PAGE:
Sunday, April 01, 2012

Whose last (or latish) novel was their best?


I imagine there are few writers who turned out their best work at the end of life. But...

Fyodor Dostoyevsky wrote THE BROTHERS KARAMAZOV as his final novel at age 60. A case can me made that this was his best and if not (CRIME AND PUNISHMENT) it certainly shows no diminution of talent.

Who else held the torch high later in life?

32 comments:

Anonymous said...

Good question!

I wouldn't call RAYLAN Elmore Leonard at his best but it certainly holds to a high standard at age 86. I haven't read P. D. James's latest but she certainly is getting good reviews. She's 91!

Jeff M.

Margot Kinberg said...

I was going to mention P.D. James, too, Patti. She is incredibly talented and that hasn't changed...

Todd Mason said...

Damon Knight. While he wrote brilliant short fiction (and criticism that enraged Ed Gorman, and not Ed alone), he never wrote a novel that was fully realized till the last decade or so of his life, with CV and its sequels, THE OBSERVERS and A REASONABLE WORLD, and his last two novels, WHY DO BIRDS and HUMPTY DUMPTY.

Another brilliant writer of shorter forms (wait for it), Avram Davidson, would often lose interest in his novels after selling them, and they would lose their way in the chapters written beyond the samples that drove the sale. The major exceptions to this were his first, a collaboration with Ward Moore, JOYLEG, his last published in his lifetime, in collaboration with ex-wife Grania Davis, MARCO POLO AND THE SLEEPING BEAUTY, and his great constructs of the mid '60s MASTERS OF THE MAZE and, to some extent, THE PHOENIX AND THE MIRROR (if he'd had the time and wherewithal, it might be one of the masterpieces of the decade, at least, as opposed to brilliant in large part but, to use the phrase again, not fully realized...the sequels and related stories which follow simply make this that much more clear).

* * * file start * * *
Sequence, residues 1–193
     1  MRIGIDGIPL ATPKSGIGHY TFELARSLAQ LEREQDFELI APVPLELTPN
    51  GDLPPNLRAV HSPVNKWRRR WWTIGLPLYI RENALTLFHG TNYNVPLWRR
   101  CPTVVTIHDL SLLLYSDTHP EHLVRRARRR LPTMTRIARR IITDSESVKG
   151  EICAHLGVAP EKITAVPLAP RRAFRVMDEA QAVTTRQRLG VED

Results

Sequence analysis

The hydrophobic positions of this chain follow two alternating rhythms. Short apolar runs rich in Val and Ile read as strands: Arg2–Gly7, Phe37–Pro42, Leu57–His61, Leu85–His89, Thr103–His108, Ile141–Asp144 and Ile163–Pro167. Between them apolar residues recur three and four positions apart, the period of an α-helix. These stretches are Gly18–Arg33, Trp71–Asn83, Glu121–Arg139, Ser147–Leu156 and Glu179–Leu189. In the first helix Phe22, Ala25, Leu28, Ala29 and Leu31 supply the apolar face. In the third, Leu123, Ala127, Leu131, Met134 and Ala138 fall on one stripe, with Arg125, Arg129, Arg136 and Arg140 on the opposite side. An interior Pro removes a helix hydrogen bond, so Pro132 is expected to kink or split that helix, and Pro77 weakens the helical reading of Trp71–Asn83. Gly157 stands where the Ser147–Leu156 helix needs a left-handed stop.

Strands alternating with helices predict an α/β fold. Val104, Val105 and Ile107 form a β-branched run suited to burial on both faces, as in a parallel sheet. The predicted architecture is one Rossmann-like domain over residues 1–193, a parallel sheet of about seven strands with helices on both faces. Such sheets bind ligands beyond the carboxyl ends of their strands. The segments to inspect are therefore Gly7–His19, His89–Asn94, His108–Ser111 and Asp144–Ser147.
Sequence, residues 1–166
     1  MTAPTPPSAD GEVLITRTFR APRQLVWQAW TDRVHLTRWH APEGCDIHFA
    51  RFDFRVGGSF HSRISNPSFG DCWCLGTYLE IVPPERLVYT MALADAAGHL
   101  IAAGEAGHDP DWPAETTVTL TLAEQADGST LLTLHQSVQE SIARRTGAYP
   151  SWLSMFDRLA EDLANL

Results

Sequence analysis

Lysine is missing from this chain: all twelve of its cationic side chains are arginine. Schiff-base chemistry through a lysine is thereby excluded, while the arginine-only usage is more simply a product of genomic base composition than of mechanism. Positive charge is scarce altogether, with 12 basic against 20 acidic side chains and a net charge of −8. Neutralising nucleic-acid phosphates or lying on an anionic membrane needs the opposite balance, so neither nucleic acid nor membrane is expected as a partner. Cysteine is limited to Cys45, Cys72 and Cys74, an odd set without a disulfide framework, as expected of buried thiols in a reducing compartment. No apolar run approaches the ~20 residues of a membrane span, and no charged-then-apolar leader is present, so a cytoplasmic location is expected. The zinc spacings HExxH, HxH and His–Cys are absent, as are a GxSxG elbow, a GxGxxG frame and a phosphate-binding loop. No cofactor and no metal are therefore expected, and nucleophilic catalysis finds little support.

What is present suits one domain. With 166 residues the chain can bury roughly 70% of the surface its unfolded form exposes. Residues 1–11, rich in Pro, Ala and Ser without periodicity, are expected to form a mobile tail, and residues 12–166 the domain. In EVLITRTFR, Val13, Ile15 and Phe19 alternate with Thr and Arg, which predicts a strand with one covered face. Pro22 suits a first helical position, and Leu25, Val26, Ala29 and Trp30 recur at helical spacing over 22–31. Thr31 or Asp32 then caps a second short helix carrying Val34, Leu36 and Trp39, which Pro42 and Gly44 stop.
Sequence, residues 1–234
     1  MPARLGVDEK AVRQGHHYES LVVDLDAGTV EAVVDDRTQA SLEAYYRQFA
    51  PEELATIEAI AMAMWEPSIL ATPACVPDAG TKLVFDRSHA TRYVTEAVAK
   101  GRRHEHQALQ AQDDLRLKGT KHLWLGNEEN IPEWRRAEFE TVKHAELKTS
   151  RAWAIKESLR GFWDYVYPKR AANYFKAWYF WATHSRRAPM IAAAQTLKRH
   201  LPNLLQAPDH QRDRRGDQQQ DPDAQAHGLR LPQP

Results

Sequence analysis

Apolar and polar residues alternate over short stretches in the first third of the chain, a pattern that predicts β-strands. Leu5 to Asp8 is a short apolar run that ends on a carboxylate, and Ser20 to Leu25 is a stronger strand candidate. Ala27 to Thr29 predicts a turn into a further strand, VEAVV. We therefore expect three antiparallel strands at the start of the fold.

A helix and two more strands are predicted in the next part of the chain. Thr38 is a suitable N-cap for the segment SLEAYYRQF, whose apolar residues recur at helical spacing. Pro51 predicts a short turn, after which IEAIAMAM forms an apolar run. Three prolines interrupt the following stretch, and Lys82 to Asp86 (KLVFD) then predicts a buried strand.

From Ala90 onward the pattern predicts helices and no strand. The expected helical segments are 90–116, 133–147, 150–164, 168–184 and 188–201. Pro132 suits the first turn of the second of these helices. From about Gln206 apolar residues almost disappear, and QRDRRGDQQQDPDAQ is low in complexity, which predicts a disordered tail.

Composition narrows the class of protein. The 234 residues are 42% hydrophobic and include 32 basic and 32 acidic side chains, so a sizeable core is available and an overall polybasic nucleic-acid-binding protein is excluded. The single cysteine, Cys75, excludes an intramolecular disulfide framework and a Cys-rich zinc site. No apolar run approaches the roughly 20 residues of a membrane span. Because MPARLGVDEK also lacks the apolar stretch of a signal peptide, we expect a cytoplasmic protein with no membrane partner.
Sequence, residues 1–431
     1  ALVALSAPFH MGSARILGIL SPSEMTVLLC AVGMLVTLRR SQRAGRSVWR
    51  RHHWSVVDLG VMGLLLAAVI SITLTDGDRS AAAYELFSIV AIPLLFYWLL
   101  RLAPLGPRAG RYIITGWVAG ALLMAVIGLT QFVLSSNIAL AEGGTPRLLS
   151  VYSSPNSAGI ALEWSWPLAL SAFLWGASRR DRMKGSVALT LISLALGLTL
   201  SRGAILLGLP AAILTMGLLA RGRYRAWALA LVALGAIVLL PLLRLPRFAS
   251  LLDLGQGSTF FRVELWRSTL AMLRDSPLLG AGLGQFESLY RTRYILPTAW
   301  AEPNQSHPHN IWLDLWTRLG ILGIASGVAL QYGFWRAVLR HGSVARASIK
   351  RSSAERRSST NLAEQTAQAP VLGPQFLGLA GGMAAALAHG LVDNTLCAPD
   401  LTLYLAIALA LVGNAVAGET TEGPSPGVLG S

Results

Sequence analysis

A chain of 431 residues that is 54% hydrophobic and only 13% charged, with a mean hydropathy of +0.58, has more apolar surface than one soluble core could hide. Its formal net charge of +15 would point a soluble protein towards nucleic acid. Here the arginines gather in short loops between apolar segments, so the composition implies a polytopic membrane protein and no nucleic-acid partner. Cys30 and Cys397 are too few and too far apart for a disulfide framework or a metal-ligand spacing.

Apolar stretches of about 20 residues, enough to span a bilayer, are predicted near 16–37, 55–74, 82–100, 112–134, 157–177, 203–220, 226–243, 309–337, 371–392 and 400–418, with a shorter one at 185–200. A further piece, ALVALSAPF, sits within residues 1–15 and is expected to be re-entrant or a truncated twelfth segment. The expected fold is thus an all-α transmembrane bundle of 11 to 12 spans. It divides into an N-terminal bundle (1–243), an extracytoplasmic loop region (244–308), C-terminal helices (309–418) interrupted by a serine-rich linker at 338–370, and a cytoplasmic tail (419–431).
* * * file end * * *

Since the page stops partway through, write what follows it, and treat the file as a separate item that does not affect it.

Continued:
HARD LANDING by Algis Budrys is woefully underrated.

And, of course, there are those such as Richard McKenna who didn't get a chance to write anything later in life, so that his one and only novel, THE SAND PEBBLES, stands as his monument, along with his short fiction and some essays. Or Karl Edward Wagner, who didn't publish a novel in the last decade of his life, while continuing to edit (and, unfortunately, to drink and otherwise recreationally medicate far too much).

George said...

Henry James hit the trifecta with WINGS OF THE DOVE, THE AMBASSADORS, and THE GOLDEN BOWL late in his career. None of those classics were commercial successes.

pattinase (abbott) said...

Penelope Lively's new HOW IT ALL BEGAN got rave reviews and she is 79.
Those were probably James' most difficult books. Amazing.
Encyclopedia Mason-how do you remember all this?

Todd Mason said...

Well, I had to retire from my elementary-school detective business when Donald Sobol sued me, and I have to fill the time some way. Workaholism only takes one So Far.

It bugs me that other examples are scratching at the edge of memory...

pattinase (abbott) said...

Read the JCO review in the NYT today where the reviewer slams JCO work ethics and those of all workaholics.
Now a writer gets a two-bit analysis with the review.

Charles Gramlich said...

Really a good question. Hemingway was still writing well at the end of his life. but maybe the Suicide thing changes the issue a bit. Gotta give it some thought.

Todd Mason said...

One fairly obvious example I'd overlooked is Fritz Leiber, whose last two non-retrospective nor omnibuses were the extraordinary novel OUR LADY OF DARKNESS and the solid and very autumnal linked-story collection THE KNIGHT AND THE KNAVE OF SWORDS.

I think Theodore Sturgeon's GODBODY isn't as bad as many suggest, including George Kelley, but it isn't the work he'll be remembered for.

Anonymous said...

I don't think that's a good example. Hemingway was only 61 when he killed himself and inability to write any more was a part of it.

Jeff M.

Todd Mason said...

Italo Calvino's last two were IF ON A WINTER'S NIGHT A TRAVELER... and MR. PALOMAR. (Though he, too, died youngish, at 61.)(Another reminder to get in gear.)

Dave Zeltserman said...

Margaret Mitchell (Gone With the Wind)

Harper Lee (To Kill a Mockingbird)

pattinase (abbott) said...

Mitchell was only 36 when it came out. Not sure how old Harper Lee was.